Article

Does the Metabolic Syndrome Improve Identification of Individuals at Risk of Type 2 Diabetes and/or Cardiovascular Disease?

University of Texas at San Antonio, San Antonio, Texas, United States
Diabetes Care (Impact Factor: 8.42). 12/2004; 27(11):2676-81. DOI: 10.2337/diacare.27.11.2676
Source: PubMed

ABSTRACT

The metabolic syndrome has been promoted as a method for identifying high-risk individuals for type 2 diabetes and cardiovascular disease (CVD). We therefore sought to compare this syndrome, as defined by the National Cholesterol Education Program, to the Diabetes Predicting Model and the Framingham Risk Score as predictors of type 2 diabetes and CVD, respectively.
A population-based sample of 1,709 initially nondiabetic San Antonio Heart Study (SAHS) participants were followed for 7.5 years, 195 of whom developed type 2 diabetes. Over the same time interval, 156 of 2,570 SAHS participants experienced a cardiovascular event. A population-based sample of 1,353 initially nondiabetic Mexico City Diabetes Study (MCDS) participants were followed for 6.5 years, 125 of whom developed type 2 diabetes. Baseline measurements included medical history, age, sex, ethnicity, smoking status, BMI, blood pressure, fasting and 2-h plasma glucose levels, and fasting serum total and HDL cholesterol and triglycerides.
The sensitivities for predicting diabetes with the metabolic syndrome were 66.2 and 62.4% in the SAHS and the MCDS, respectively, and the false-positive rates were 27.8 and 38.7%, respectively. The sensitivity and false-positive rates for predicting CVD with the metabolic syndrome in the SAHS were 67.3 and 34.2%, respectively. At corresponding false-positive rates, the two predicting models had significantly higher sensitivities and, at corresponding sensitivities, significantly lower false-positive rates than the metabolic syndrome for both end points. Combining the metabolic syndrome with either predicting model did not improve the prediction of either end point.
The metabolic syndrome is inferior to established predicting models for either type 2 diabetes or CVD.

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    • "The observation that older, nondiabetic adults are two times more likely to have the MetS with hyperglycemia than hyperglycemia only confirms an overlap between the conditions [17]. The MetS is associated with a 5-fold increased risk for diabetes [18]. While most assume this to be driven by hyperglycemia, MetS without prediabetes carries a similar level of risk [19]. "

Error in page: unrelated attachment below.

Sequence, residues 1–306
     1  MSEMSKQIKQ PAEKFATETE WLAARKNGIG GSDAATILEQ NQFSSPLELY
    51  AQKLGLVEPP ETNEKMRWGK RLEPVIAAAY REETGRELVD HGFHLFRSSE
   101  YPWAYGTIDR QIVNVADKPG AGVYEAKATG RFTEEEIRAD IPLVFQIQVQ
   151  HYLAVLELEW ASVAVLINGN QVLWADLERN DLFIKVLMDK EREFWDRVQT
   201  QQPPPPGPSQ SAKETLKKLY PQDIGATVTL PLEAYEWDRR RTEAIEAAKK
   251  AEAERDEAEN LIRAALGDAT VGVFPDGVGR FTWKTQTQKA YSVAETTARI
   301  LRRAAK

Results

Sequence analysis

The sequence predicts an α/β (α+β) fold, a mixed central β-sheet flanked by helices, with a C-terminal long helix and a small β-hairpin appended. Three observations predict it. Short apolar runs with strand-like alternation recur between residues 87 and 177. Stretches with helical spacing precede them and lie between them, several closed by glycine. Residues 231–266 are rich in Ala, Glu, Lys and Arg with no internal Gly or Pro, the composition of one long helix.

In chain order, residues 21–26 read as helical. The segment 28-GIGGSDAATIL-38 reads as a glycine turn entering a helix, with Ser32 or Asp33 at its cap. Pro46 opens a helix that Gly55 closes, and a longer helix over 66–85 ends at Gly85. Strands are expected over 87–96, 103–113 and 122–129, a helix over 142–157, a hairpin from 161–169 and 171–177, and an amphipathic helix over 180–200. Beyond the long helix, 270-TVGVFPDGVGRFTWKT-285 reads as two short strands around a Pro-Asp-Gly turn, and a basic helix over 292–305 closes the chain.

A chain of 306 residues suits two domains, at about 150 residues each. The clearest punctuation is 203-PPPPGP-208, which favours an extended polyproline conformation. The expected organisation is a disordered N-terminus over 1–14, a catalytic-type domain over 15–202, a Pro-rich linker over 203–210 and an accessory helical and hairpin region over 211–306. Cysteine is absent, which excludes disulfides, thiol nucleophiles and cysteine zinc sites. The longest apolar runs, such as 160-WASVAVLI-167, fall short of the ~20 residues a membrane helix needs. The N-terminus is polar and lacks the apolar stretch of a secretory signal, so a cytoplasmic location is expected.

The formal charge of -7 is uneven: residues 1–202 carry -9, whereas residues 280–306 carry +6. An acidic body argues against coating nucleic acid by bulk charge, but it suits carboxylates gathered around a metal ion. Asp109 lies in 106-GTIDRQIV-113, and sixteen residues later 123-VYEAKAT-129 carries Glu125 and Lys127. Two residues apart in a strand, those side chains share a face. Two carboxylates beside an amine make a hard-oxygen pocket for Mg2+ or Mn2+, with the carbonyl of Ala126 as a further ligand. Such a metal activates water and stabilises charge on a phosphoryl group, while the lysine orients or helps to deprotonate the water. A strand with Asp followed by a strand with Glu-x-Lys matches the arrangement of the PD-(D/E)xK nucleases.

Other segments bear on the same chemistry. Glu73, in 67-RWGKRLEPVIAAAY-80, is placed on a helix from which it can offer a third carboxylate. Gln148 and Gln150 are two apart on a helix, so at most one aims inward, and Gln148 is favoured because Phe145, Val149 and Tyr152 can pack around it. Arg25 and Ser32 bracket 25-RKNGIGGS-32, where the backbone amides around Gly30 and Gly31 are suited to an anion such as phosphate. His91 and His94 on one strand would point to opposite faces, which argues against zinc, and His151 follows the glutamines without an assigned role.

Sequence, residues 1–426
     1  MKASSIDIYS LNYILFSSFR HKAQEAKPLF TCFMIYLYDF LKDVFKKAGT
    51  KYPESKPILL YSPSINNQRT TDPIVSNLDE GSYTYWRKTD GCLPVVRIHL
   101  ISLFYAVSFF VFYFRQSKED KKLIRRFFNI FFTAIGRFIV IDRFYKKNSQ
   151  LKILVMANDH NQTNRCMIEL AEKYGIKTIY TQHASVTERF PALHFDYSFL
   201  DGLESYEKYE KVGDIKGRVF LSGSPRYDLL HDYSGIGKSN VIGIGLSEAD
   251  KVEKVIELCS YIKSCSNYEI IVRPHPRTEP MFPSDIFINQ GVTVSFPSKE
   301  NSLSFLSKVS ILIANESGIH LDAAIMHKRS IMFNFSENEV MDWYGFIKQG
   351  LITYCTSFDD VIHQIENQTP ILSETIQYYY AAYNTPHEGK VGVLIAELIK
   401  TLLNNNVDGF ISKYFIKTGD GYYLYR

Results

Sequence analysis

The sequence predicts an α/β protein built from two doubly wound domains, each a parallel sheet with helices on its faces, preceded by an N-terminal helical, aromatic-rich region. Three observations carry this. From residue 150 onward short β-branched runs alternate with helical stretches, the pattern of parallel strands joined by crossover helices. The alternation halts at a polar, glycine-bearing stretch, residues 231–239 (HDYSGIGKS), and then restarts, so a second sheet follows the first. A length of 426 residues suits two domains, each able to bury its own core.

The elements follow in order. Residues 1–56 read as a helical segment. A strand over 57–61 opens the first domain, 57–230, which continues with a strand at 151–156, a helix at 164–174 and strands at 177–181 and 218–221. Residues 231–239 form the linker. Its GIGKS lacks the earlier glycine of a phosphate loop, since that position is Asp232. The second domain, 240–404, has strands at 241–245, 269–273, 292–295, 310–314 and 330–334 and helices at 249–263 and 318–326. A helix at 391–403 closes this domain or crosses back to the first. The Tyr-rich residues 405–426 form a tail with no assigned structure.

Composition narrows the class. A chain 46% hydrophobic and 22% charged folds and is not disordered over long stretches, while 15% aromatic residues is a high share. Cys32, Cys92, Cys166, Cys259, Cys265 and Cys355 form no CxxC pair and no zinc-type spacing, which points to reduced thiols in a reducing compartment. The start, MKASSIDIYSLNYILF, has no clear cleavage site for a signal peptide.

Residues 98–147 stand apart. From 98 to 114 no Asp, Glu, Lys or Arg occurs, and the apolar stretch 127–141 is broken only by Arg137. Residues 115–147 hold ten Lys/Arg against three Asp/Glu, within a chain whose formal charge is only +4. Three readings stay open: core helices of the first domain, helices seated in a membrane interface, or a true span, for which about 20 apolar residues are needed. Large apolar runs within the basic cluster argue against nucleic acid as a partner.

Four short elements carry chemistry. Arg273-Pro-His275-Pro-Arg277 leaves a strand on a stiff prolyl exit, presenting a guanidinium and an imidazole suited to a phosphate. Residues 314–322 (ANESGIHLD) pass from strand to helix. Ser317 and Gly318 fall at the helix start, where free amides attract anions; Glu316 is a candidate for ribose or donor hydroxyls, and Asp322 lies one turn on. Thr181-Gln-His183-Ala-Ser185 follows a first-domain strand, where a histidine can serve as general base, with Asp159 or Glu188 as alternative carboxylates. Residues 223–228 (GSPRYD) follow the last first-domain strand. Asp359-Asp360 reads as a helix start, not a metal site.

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    ABSTRACT: Sympathetic tone is well recognised as being implicit in cardiovascular control. It is less readily acknowledged that activation of the sympathetic nervous system is integral in energy homeostasis and can exert profound metabolic effects. Accumulating data from animal and human studies suggest that central sympathetic overactivity plays a pivotal role in the aetiology and complications of several metabolic conditions that can cluster to form the Metabolic Syndrome (MetS). Given the known augmented risk for type 2 diabetes, cardiovascular disease, and premature mortality associated with the MetS understanding the complex pathways underlying the metabolic derangements involved has become a priority. Many factors have been proposed to contribute to increased sympathetic nerve activity in metabolic abnormalities including obesity, impaired baroreflex sensitivity, hyperinsulinemia, and elevated adipokine levels. Furthermore there is mounting evidence to suggest that chronic sympathetic overactivity can potentiate two of the key metabolic alterations of the MetS, central obesity and insulin resistance. This review will discuss the regulatory role of the sympathetic nervous system in metabolic control and the proposed pathophysiology linking sympathetic overactivity to metabolic abnormalities. Pharmacological and device-based approaches that target central sympathetic drive will also be discussed as possible therapeutic options to improve metabolic control in at-risk patient cohorts.
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    • "Approximately three-fourths of individuals with both IFG and IGT have metabolic syndrome (MetS)[4], which is characterized by dyslipidemia, disorders of glucose metabolism, hypertension and obesity. Pre-diabetes is somewhat predictive of macrovascular diseases, but most of this association seems to be mediated through MetS456. Therefore, MetS can be considered a pre-diabetic state[4,7]. "
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    • "Robust evidence showed that individuals diagnosed with MetS using these definitions have a greater risk of significant clinical consequences, the two most prominent of which are the development of T2DM and CVD [12] [13] [14] [15]. Individuals with MetS have a fivefold greater risk of developing T2DM [12], while a systematic review of 37 studies involving more than 170,000 patients has shown that MetS doubles the risk of cardiovascular events [15]. Irrespective of the diagnostic criteria used, epidemiological studies from various parts of the world have clearly demonstrated that MetS is an increasing global health problem , not only in the western societies, but also in the Asian populations [16] [17]. "

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